"A Certain Scientific Railgun" TV Anime Review

Toaru Kagaku no Railgun/とある科学の超電磁砲(レールガン)
A Certain Scientific Railgun Anime Review

*SPOILERS BELOW!*

A Certain Scientific RailgunI was trying to think back to when I first heard of A Certain Scientific Railgun, but I’m not quite sure when that was.  I first mentioned it in the blog during my Pizza Hut and anime article. (As an aside, Pizza Hut managed to get a big cameo moment in episode 18, which amused me for some reason.) When Seven Seas licensed the source manga, I found that after two volumes, I was highly intrigued by what I read.  Since the release timetable from Seven Seas is kind of slow, I figured I’d cheat and watch the anime adaptation.

A Certain Scientific RailgunFor those who don’t know, A Certain Scientific Railgun is a canon spinoff manga series of the A Certain Magical Index light novel series. Both are written by KAMACHI Kazuma-sensei, who also apparently played a large role in the construction of the Railgun anime adaptation.  During the process of doing a bit of research after completing the TV series, I was surprised to learn that there was never a Railgun light novel series (which I had thought there was), and that because Kamachi-sensei was involved in the writing of the anime series (and because an anime-only character makes it over to the manga), the anime is considered canon, though there are a few, minor adaptation issues with the Level Upper story arc.

A Certain Scientific RailgunThe story, in brief, centers around a group of four, junior high school girls who live in a large city known as Academy City, which houses numerous schools for people with supernatural powers.  The lead character, MISAKA Mikoto, is known as the “Ace of Tokiwadai” (a middle school) as she is the third most powerful Level 5 esper (Level 5 being the highest level so far and there aren’t many of them) with her power of electricity.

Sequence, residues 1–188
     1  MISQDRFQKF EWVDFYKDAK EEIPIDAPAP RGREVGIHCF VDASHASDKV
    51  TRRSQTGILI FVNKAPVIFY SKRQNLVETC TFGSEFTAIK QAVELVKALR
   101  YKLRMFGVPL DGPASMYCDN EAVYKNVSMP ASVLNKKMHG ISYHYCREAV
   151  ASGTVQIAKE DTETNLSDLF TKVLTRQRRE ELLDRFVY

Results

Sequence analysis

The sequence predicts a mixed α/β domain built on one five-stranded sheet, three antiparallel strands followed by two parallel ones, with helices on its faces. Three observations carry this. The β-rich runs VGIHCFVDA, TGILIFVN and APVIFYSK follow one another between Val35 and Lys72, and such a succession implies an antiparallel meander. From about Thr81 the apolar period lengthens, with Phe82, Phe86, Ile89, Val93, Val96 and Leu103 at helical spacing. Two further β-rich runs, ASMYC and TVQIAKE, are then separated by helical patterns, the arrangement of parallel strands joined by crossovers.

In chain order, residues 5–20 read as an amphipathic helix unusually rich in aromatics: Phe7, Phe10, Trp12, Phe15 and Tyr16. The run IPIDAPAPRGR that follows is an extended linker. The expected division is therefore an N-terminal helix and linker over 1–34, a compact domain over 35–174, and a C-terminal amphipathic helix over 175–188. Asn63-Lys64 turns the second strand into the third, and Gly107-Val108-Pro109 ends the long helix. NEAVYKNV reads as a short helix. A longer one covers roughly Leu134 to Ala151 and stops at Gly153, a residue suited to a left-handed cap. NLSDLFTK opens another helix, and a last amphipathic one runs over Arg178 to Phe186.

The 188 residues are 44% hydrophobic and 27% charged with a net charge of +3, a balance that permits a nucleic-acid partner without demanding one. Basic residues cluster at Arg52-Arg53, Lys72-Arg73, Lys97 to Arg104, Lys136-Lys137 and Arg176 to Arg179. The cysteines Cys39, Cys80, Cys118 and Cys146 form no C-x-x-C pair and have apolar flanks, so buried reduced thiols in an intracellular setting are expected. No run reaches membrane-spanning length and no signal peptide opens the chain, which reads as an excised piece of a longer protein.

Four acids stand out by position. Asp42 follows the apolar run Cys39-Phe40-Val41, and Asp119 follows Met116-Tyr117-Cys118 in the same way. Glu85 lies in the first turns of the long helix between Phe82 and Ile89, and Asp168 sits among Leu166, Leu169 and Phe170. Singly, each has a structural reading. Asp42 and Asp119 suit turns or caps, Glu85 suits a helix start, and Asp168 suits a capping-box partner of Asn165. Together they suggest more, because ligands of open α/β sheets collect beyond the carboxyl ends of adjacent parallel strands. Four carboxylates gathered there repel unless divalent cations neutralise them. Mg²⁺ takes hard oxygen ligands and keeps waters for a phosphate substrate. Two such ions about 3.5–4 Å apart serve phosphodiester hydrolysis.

A Certain Scientific RailgunHer younger roommate and good friend, SHIRAI Kuroko, is a Level 4 teleporter who addresses Mikoto as “oneesama” out of great affection, as Kuroko desperately wants to play scissor-scissor with Mikoto. Kuroko is a member of Judgement, a student-filled security force with limited scopes of authority, along with Level 1 esper from Sakugawa Middle School, UIHARU Kazari.  Uiharu’s best friend and fellow schoolmate is the Level 0 SATEN Ruiko, who is soon introduced to Mikoto and Kuroko via Uiharu.

A Certain Scientific RailgunThe first half of the anime is adapted from the original manga series and covers the “Level Upper” story arc, whereby an increase in crime happens throughout the city, caused by some espers enhancing their abilities with what is known as Level Upper without realizing the horrible consequences that are inevitably the result. The second half of the anime are original stories, which were apparently written by Kamachi-sensei and considered canon.  The first of these anime-only arcs are Big Spider, which deals with espers being attacked by a thug gang, and the Poltergeist arc, which picks up certain story threads from the Level Upper arc and brings them to a conclusion.